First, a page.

The biggest value-add for attending one of my workshops is that SharePoint requires a collaborative business planning and business governance approach if it is to be successful. In order to take full advantage of SharePoint you need to provide maximum tactical freedom to you knowledge workers. At the same time, you need to articulate the policies and processes that you will use to manage and lead such a rapidly evolving and adapting information organization.
The answer is to provide a simple structure or taxonomy of business policies that can be implemented in SharePoint. These then allow the knowledge workers freedom to act tactically using SharePoint, and the policies help provide boundaries, accountability and focus for their ad hoc actions. Sound slippery? It is a new management concept to support an entirely new class of technologies, of which SharePoint is the first contender.
So here is a list of concrete reasons to continue with your SharePoint deployment, but to first attend one of my Governance and Taxonomy workshops. By the way, in order to make this easier on your budgets I've now rolled out a "Public Workshop" that provides open enrollment. You can send one person to the public workshop and they will come away with the tools they need to begin your Governance and Taxonomy planning process. The first is in Sacramento, but I am planning to roll out similar workshops in the major regions around the U.S.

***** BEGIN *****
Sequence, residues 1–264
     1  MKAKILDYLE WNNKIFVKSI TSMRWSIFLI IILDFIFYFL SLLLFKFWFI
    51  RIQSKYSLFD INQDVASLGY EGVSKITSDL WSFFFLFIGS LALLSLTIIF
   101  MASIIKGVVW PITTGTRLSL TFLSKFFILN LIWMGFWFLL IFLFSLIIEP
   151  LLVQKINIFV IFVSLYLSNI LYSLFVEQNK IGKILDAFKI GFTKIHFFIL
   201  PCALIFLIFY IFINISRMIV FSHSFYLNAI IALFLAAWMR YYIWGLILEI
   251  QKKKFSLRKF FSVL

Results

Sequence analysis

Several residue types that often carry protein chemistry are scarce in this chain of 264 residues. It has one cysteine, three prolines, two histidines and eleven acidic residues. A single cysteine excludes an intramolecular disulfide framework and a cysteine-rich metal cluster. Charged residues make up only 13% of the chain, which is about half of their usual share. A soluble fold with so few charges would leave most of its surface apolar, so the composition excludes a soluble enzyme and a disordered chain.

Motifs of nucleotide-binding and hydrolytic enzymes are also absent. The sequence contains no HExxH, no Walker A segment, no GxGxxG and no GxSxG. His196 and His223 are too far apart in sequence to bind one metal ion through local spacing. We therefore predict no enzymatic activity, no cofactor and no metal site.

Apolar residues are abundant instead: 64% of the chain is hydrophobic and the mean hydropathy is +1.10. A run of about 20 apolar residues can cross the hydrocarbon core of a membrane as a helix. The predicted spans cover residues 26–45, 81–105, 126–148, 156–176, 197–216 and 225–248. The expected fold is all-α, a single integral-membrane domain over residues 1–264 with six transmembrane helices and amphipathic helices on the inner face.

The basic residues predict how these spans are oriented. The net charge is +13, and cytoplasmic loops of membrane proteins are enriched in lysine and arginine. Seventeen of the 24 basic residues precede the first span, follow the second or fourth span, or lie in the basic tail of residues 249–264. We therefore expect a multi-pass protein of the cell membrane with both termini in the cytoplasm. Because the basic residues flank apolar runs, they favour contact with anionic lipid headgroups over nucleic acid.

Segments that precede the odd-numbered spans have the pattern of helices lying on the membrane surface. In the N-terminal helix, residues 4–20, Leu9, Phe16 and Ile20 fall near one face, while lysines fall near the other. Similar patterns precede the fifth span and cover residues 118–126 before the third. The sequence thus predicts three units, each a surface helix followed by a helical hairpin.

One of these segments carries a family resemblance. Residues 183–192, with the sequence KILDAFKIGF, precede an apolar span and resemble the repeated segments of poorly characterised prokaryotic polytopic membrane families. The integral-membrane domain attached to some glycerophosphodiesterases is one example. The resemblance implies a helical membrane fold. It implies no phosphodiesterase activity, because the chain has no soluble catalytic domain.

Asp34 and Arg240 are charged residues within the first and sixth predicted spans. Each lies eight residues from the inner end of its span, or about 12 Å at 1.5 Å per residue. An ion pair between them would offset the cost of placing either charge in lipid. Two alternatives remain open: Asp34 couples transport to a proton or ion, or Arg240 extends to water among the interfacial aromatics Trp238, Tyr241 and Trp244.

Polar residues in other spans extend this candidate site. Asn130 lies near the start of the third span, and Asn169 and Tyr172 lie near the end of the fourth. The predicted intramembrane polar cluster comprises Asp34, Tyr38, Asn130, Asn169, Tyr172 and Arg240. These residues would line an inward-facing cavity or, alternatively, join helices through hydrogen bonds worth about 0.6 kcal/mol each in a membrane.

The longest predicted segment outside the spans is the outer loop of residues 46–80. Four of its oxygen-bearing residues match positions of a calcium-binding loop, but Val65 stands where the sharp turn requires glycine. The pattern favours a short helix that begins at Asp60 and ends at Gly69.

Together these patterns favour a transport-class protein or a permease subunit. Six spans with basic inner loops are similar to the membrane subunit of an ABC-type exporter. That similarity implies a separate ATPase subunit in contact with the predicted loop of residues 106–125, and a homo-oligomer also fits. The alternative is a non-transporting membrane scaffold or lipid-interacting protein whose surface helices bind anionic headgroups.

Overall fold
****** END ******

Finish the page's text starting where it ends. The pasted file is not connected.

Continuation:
Here are concrete business reasons to roll out SharePoint, under the guidance of a Governance and Taxonomy Workshop, especially during a downturn.
SharePoint can capture intellectual property that would otherwise be lost.
- Survival in uncertain times will depend upon an organizations ability to rapidly adapt to new circumstances in the market. SharePoint, IF DONE RIGHT, provides agility while also keeping a strategic focus on the organizations goals. (this is, by the way, what my workshop does. It helps you decide where and how you can be agile, and where the strategic directives of the organization must be enforced in SharePoint).
- Economic downturns generally lead to an increase in litigation between companies. People aren’t paying on time, corners are cut and companies take higher-risk approaches to compliance, competition and everything else. SharePoint can help limit legal discovery so that the specific parameters of the court are executed in a document or records center. Open-ended legal discovery can be economically devastating.
- With travel budgets cut or eliminated entirely, SharePoint provides an effective collaboration medium for geographically-dispersed teams of information workers.
- SharePoint improves interoperability between line of business applications so that those applications operate more effectively
- SharePoint delegates most routine day-to-day site and document administration tasks out to the end user. This reduces the burden on expensive and highly trained IT workers to provide busy-work support tasks like building new sites, customizing sites, setting workflows and approvals, and branding.
- SharePoint makes use of the skills your employees already have. It has borrowed its key architectural patterns from PowerPoint, Word, Excel, Windows and Outlook. So it has a very fast learning curve.
Please feel free to contact me at email@example.com for more information about the workshops
©Copyright Mark Ragar Schneider, 2009 All Rights Reserved